4-Pack MOT Stack

I finally quit putting it off and built a 4-pack MOT stack. And what precipitated this momentous event, you ask? Well, my twin MOT power supply with voltage doublers had developed a gremlin. At 1080 or 1700VA, the diode string held up fine, but at 3200VA t he diodes failed within minutes. After replacing the diode string for the third time in as many months, I decided on radical surgery. I laboriously converted from half-wave to a full-wave doubler circuit. I thought placing the MOT caps across the diodes would result in superior filtering & spike protection. When I fired up the full-wave doubled MOT twins for the first time, the diode string failed within seconds! In a fit of frustration I declared: no more SILICON in my disruptive TC power supplies--EVER! So I got busy on a MOT stack.

I had some spare MOTs lying around, so I mounted two similar units on a scrap of 1/2" high-density fiberboard cut to fit a .30 cal ammo can. The MOTs were not modified in any way. I used short screws so they wouldn't poke thru the fiberboard and make contact with the can. I put two layers of cardboard in the bottom of the can as well. It only needs to hold off 4kvac, and I figured it would insulate well enough once it was soaked with oil. 4kvac supplied by my original MOT twins is brought in through PVC pipe bushings on the lid. The 8kvac output exits through similar bushings made a bit taller by use of a PVC coupler (to better hold off the higher potential). Once the wiring was done, I filled the ammo can with non-detergent motor oil just high enough to cover the windings.

I fumbled with the phasing for half an hour before I finally figured out what I was doing wrong. I wired the 4-pack for 120vac operation. I ballasted the stack at 17A using a single small MOT with it's second ary shorted to its core. Performance was pretty dismal. The 4" x 24" junk box coil put out a few anemic streamers, but nothing to brag about. My 9kv/180ma NST farm turns in a much better performance. A quick test of the 4-pack output with an ammeter revealed I was only getting about 140ma. Even though the single MOT ballast was sucking over 2KVA from the wall outlet, only about 1100VA was making it to the TC. It wasn't too hard to figure out where the lost kilowatt was going. The ballast MOT was hot enough to iron shirt collars! I quickly re-evaluated the usefulness of my single ballast MOT.

Impatient to get the 4-pack working at its full potential, I plugged it straight into a 120v/20A outlet. The breaker held for about a second--but what a second! The junkbox coil erupted with streamers like a Chinese sparkle fountain. It was an intense experience. Obviously, 120vac operation was out of the question. I had a 240vac/20A plug in my junk box. I wasted no time rewiring for 240v. This was pretty spectacular too , but the breaker only held for about 5 seconds. I was also alarmed at how hot the power cord got on this shorty run. I really needed a ballast, and I just happened to have one on hand. MOT caps! I had 10 spare .97uF/2200wvac MOT caps from USA manufacturing. I quickly cemented them to scraps of vinyl I-beam (the stuff that joins 2 vinyl windows together to make a picture window), giving me two rows of 5 caps. I wired them in series and placed one string in each leg between the two boxes of MOTs. The capacitive reactance formula predicted 27360 Ohms of reactance. That would limit the 4-pack to 310ma (assuming 8500vac), or 2640VA. First light with the capacitive ballasted 4-pack was very satisfying--nice intense streamers and no hot power cord. I jumpered back to 8 series MOT caps for 3300VA, and the junkbox coil responded positively, with plenty of thick, intense streamers.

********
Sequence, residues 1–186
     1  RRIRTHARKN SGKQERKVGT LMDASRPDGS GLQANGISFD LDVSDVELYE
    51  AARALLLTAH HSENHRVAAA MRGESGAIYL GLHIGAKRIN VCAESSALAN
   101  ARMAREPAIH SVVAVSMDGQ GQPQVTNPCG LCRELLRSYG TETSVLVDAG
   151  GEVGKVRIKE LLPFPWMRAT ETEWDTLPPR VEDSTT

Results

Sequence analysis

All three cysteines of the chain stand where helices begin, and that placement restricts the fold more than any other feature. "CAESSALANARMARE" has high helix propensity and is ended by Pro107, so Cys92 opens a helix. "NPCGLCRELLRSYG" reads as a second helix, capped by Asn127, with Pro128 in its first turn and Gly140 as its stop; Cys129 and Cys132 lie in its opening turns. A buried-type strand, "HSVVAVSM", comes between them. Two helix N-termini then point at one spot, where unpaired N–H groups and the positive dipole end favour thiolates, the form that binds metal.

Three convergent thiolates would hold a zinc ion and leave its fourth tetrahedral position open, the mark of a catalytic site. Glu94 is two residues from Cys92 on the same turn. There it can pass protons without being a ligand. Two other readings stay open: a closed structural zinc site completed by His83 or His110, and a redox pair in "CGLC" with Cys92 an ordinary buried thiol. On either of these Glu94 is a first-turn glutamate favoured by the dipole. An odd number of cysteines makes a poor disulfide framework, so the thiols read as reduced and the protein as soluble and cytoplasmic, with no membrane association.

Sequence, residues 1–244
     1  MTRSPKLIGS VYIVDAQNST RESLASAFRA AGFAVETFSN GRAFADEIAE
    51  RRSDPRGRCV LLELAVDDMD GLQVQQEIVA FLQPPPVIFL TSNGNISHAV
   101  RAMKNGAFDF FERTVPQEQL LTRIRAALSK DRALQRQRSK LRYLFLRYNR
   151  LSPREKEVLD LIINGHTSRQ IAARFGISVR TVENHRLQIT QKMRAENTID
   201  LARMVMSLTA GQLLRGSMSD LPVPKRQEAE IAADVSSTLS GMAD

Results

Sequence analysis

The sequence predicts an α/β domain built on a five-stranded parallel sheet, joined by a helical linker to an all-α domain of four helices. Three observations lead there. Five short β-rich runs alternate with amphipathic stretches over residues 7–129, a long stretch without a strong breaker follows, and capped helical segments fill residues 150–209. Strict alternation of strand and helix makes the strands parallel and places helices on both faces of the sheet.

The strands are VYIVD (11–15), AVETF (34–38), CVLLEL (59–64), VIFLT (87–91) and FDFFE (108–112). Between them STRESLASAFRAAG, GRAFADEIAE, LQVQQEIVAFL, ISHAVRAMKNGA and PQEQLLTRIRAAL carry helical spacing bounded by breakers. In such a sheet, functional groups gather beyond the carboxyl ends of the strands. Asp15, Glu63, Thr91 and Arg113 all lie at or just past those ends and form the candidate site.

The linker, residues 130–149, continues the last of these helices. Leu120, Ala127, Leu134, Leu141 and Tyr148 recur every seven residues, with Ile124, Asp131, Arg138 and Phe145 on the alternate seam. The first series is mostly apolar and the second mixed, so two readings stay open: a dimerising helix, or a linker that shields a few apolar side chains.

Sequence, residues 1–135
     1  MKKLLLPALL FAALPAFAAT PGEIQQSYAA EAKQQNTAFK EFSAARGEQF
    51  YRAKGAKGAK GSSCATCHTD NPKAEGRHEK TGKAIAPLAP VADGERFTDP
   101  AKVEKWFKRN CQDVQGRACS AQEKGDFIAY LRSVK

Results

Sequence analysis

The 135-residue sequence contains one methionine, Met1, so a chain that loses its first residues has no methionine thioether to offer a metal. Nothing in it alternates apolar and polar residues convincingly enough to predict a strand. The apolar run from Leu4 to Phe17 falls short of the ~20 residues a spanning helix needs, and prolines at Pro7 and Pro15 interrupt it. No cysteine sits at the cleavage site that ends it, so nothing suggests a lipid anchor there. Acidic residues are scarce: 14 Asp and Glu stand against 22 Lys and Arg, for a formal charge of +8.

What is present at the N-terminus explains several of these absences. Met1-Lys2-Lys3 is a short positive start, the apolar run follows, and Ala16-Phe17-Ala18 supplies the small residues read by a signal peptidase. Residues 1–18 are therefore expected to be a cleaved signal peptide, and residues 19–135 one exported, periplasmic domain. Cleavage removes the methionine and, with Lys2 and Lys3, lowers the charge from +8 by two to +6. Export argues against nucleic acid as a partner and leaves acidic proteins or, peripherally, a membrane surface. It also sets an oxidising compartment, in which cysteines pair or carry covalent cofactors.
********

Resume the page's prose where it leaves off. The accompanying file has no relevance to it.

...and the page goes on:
I know it looks kind of cheesy, but this is just a temporary lashup for proof of concept. I'll make it look better later (I did clean it up--have a look). This is hardly pioneering work. The 4-pack MOT stack is a well-worn trail. I do like my idea of packaging the MOTs in pairs. I can pick up a brace of MOTs in an ammo box and carry it around by its handle. On the other hand, 4 MOTs in one container, plus oil, would be a hernia maker and a back-breaker. Likewise, I thought the MOT cap ballast was lighter, cheaper, and easier to build than any inductive ballast. Before I thought about using the MOT caps, I was contemplating a 500 ft spool of #12 THHN with a bundle of rebar for the core. I like the caps better. Based on only a few minutes of run time, I think the 4-pack is a pretty effective power supply. I really need more spark time for a proper evaluation though.